Thursday, 27 April 2017

Sechseläuten - Zurich's Fest of Pageantry and Paganism

The Boogg (PHOTO: Archival)

For those who think of Zurich as a dry, rather staid and oppressively expensive city that is the home of a sinister confederacy of international bankers -the “Gnomes of Zurich” as British Prime Minister Harold Wilson once reminded- the city’s annual Spring Festival or Sechselauten may come as something of a pleasant surprise.

Literally meaning “the six o’clock ringing of the bells”, it has its origins from the 16th century, when the Guild-dominated City Council passed an ordinance which mandated that an extra hour of work be allotted during the summer. It was an extension of the 5PM limit when workers downed their tools owing to shorter daylight hours during the winter months.

At first, the event was tied to the occurrence of the vernal equinox. On the first Monday after this, the second largest bell of Grossmunster church would proclaim the coming of spring by ringing out at 6PM. However, since 1952, it has been celebrated on the third Monday of April although this is shifted forward by one week if there is a clash with Easter Monday.

Sechselauten is marked by two days of parades and street parties. The first on Sunday is a children’s parade when two to three thousand children aged between five and fifteen dress up in historical costumes and walk through a part of the city centre to the accompaniment of approximately eight hundred musicians.

The following day is the main parade during which over three thousand guild members and three hundred and fifty on horse parade through the a route starting at Bahnhofstrasse and ending at Sechselautenplatz.

Sechsenlauternplatz is the largest square in the city and it is here right in front of Opernhaus that the Boogg, a snowman representation of winter is put on top of a pyre and is set alight at six o’clock.

As the Boogg burns, each guild supplies a group of horsemen who run circles around the snowman. This ritual burning of an effigy is a throwback, or more accurately, a continuation of the pagan rites involving fire sacrifice. The idea is that fire, representing the energy and the spark of life, will create a ‘spirit messenger’ which will enable the celebrants to connect to powers which ordinarily would be beyond their control.

In England, where the Druid-originated ‘Wicker Man’ still resides in popular consciousness, it famously involves ridiculing and cursing the papist Guy Fawkes for the failed attempt at blowing up Parliament, while in Zurich it is about praying for a pleasant and bountiful summer. It has its attendant superstitions:

The faster the Boogg’s head explodes, the better, it is believed, that the summer will be.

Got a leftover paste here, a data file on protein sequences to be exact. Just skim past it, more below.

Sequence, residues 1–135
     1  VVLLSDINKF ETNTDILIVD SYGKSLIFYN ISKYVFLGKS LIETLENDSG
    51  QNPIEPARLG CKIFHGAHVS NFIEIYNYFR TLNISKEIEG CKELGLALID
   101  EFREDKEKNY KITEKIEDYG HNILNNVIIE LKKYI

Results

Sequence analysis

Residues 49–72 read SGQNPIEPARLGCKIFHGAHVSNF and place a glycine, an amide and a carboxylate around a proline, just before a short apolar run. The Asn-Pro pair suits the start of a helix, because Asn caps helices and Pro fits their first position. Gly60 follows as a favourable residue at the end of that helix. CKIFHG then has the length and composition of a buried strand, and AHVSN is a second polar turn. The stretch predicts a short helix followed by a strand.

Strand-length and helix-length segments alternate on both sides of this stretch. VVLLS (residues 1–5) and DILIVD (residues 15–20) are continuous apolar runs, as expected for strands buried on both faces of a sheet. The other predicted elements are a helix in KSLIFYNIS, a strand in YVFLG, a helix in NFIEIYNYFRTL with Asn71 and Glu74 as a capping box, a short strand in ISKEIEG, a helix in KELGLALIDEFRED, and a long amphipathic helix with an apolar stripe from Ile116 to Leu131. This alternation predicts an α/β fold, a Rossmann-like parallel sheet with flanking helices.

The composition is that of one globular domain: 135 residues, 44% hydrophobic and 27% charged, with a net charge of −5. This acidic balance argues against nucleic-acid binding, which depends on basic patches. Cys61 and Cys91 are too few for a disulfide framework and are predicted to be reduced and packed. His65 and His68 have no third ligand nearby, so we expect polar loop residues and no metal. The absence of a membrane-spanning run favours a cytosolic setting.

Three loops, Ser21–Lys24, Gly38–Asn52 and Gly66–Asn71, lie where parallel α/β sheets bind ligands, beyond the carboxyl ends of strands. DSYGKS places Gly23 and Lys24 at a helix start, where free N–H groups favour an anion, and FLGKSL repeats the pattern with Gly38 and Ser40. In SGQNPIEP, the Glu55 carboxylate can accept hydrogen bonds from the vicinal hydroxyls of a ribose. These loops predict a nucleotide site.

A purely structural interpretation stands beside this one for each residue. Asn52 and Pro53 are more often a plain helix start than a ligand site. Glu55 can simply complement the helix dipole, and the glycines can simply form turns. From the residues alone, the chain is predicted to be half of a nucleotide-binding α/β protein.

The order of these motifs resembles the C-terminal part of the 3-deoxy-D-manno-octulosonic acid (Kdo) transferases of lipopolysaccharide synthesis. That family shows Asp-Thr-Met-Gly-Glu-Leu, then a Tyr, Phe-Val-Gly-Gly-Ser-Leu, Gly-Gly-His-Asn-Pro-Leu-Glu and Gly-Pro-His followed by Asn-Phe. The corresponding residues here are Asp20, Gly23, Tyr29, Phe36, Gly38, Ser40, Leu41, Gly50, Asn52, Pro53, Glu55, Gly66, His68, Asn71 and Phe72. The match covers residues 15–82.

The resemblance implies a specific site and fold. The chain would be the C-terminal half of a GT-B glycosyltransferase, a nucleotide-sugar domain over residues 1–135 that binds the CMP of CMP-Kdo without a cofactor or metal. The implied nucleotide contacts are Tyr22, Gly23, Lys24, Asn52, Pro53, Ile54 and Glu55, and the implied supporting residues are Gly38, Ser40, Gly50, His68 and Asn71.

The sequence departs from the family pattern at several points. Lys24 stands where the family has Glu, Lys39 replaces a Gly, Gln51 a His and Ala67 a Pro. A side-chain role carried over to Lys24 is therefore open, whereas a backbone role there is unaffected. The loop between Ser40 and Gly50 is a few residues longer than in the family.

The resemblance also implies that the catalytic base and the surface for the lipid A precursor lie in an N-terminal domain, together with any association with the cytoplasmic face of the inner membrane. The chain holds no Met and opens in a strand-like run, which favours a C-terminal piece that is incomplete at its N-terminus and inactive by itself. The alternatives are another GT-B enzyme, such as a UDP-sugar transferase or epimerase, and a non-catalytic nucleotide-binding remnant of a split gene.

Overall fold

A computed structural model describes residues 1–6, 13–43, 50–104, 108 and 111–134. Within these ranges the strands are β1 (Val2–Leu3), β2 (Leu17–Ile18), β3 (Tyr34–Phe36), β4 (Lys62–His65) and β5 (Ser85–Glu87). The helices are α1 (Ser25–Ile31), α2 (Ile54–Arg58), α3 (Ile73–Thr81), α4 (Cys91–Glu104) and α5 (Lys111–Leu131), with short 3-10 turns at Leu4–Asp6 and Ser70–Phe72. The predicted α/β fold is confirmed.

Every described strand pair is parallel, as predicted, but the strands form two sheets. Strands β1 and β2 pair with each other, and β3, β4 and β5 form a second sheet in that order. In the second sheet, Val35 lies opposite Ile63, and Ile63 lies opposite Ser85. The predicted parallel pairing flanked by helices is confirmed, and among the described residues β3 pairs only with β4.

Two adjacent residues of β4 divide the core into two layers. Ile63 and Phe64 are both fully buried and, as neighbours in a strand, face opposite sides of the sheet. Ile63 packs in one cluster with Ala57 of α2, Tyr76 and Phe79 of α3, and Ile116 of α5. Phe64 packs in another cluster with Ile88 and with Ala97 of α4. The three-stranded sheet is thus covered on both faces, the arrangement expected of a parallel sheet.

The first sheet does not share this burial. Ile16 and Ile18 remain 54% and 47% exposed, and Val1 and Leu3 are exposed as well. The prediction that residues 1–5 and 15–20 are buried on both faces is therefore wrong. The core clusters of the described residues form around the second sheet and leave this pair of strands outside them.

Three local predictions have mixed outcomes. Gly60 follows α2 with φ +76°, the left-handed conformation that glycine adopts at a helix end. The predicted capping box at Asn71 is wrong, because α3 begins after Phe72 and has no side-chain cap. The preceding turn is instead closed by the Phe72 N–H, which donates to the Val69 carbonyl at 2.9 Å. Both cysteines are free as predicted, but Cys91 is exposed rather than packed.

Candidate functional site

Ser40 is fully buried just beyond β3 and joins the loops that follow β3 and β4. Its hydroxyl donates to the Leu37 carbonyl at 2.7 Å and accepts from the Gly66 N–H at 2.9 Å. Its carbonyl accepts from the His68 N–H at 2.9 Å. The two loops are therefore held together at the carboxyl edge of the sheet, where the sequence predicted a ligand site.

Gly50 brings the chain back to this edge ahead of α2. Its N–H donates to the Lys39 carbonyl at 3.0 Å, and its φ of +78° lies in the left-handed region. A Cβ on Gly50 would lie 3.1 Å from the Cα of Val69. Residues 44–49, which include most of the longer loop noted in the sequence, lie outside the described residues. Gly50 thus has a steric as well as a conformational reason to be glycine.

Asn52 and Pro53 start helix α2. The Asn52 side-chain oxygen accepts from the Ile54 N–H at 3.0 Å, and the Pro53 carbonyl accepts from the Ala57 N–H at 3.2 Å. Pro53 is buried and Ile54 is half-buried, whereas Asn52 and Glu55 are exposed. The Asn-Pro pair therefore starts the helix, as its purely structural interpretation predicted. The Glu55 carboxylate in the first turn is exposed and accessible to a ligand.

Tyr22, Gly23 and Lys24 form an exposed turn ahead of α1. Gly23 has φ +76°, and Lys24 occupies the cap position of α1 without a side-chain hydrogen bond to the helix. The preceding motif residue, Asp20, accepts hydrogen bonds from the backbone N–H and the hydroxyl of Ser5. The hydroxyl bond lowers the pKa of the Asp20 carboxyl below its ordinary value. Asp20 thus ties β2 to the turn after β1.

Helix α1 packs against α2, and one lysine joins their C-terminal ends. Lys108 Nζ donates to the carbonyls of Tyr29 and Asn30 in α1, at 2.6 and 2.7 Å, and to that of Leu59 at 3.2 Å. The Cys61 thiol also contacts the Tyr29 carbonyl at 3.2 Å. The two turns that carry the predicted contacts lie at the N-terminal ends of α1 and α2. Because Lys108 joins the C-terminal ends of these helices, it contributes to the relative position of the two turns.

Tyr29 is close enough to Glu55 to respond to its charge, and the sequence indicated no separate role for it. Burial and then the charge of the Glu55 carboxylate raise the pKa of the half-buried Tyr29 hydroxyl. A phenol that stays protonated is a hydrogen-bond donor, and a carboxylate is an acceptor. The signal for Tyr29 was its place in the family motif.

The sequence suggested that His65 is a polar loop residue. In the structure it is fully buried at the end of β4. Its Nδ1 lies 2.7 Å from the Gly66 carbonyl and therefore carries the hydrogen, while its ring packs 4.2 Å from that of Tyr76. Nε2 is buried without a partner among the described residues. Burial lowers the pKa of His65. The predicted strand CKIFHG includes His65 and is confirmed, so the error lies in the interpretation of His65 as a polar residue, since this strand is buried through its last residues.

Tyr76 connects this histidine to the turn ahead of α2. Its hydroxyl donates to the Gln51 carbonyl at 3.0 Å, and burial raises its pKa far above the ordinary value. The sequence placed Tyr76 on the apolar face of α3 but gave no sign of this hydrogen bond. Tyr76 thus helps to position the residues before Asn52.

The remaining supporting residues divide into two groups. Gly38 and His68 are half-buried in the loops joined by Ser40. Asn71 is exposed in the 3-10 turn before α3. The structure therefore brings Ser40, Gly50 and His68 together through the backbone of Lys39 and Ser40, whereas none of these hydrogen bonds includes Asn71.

The atmosphere at each of the parades was extremely cordial and relaxed. Flower bouquets were handed to participants in return for a kiss while the participants in the convoys intermittently threw liquorice, toffees and other wrapped sweets into the crowds.  The drummers pounded with vigour and the costumes worn alike by children and adults were most eye-catching. There were ‘soldiers’, ‘peasants’ and ‘workers’; some on horses and most on foot.

The celebrations do not end after the Boogg’s demise. The ending of the official celebrations makes way for what is claimed to be the largest barbecue party in Switzerland as celebrants of all ages gather around the glowing embers of the bonfire to barbecue their sausages.

There may be much truth to Zurich’s reputation as a place of very serious-minded people who run their city with typical teutonic efficiency, but they are certainly not averse to indulging in merry-making.

While it may lack the expanse of the better known Munich Oktoberfest which is the world’s largest volksfest, Zurich’s Sechselauten has a distinct charm and aura all of its own.

Attendance is highly recommended.

 Sechselauten Children’s Parade on Sunday, April 23 2017....
 ...a band enters Bahnhofstrasse
 The Zunft zum Widder were originally butchers and cattle merchants
 Heading down Bahnhofstrasse towards Zurichsee
Female marching band at the tail end of Bahnhofstrasse 
Child participants at Burkliplatz 
 Sechselauten Parade, the climax of Zurich’s Spring Festival held on Monday, April 24 2017
 ...marching...
 Gloriana Pipes and Drums
 ...mounted on horses...
 ...wind, percussion and drums...
A member of the Zunft zur Saffran waves to the crowd
 The Zunft zur Saffran were originally merchants of textiles and spices.
 The Zunft zum Kambel, originally a guild of food dealers and wine merchants, costumed in Arabian garb and parade with camels
 ...Closer inspection revealed more than a hint of ‘black face’...
 On their way to circle the pyre
 The Boogg, an artificial snowman effigy is placed on a stake atop a pyre in the middle of Sechselautenplatz
 The Pyre is alight on the square in front of the Opera House
The gathered commune with the ‘spirit messenger’

© Adeyinka Makinde (2017)

Adeyinka Makinde is a writer based in London, England.